A team of physicists at the University of Texas (UT) recently reported success coupling continuous wave near-infrared laser beams with crystalline magnetic carbon nanoparticles to introduce therapeutic agents into cancer cells. The study, which appears in “Nature Scientific Reports,” introduces an alternate and viable approach to cell targeting and drug delivery methods.
Crystalline magnetic carbon nanoparticles
The nanoparticles developed as part of the study are crystalline magnetic carbon nanoparticles (CMCNPs) varying in size from 5 to 20 nm. Because carbon has inherently strong absorption properties in the near-infrared range, irradiation of the particles creates a rise in temperature that results in several effects on cells in the particle’s vicinity, including cell-membrane stretching and increased fluid flow. Both of these effects enhance permeability and facilitate delivery of exogenous substances. The crystalline nature of the nanoparticles affords stability, rendering the particles non-reactive and minimizing their toxicity. Their ferromagnetic properties allow them to be directed to a target site via an external magnetic field.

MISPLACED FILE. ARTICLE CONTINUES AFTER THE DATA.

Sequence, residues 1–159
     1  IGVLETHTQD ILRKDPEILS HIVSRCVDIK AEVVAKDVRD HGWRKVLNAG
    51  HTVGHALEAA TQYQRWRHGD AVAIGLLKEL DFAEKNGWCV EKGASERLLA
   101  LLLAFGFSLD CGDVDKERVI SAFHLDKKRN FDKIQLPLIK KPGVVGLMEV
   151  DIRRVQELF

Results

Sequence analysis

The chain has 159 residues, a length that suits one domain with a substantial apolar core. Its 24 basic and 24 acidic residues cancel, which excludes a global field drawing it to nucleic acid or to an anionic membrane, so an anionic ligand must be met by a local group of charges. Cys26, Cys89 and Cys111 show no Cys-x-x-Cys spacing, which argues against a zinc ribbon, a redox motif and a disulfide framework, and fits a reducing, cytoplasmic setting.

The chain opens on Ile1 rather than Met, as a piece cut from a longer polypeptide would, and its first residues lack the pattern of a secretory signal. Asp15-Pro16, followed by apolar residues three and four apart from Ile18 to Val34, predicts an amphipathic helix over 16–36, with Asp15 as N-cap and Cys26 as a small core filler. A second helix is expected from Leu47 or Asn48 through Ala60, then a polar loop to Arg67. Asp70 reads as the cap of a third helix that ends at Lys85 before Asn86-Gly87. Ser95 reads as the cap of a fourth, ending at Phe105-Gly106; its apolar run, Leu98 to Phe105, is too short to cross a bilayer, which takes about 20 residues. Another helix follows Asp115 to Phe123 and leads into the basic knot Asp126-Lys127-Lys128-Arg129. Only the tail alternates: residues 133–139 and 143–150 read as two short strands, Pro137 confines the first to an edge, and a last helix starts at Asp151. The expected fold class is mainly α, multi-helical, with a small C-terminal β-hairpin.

The research team, headed by UT physics professors Dr. Samarendra Mohanty and Dr. Ali Koymen, previously used magnetic carbon nanoparticles to target cancer cells for photothermal destruction. In the current study, however, they make use of CMCNPs to facilitate the directed delivery of exogenous agents.
Continuous wave near-infrared laser beams
Near-infrared (NI) beams are less susceptible than UV-visible range beams to absorption and scattering by cellular components. As such, NI is preferred when dealing with a three-dimensional environment such as tissue. Typically, in order to perforate the cellular membrane, it is necessary to employ high peak intensity ultrafast NI beams. This is not feasible in vivo for a number of reasons, including operational difficulties and the possibility of damage to non-targeted cells. Thus, researchers employed photothermal agents in the form of the aforementioned CMCNPs, which allow the photodelivery to be carried out using a lower-intensity continuous wave laser beam.
Using their photothermal delivery protocol, researchers reported the successful introduction of impermeable dyes and plasmid DNA into cancer cells in vitro. The results have promising implications for in vivo treatments and applications, including remotely guided drug delivery of cytotoxic chemotherapeutic agents. The possibilities range in scope from vaccinations to gene therapy. What’s more, the particle’s fluorescent properties make them highly suitable for use in medical imaging applications.
Researchers are optimistic about the reproducibility of their findings in vivo. The full report Crystalline magnetic carbon nanoparticle assisted photothermal delivery into cells using CW near-infrared laser beam is available at the Nature Scientific Reports website.
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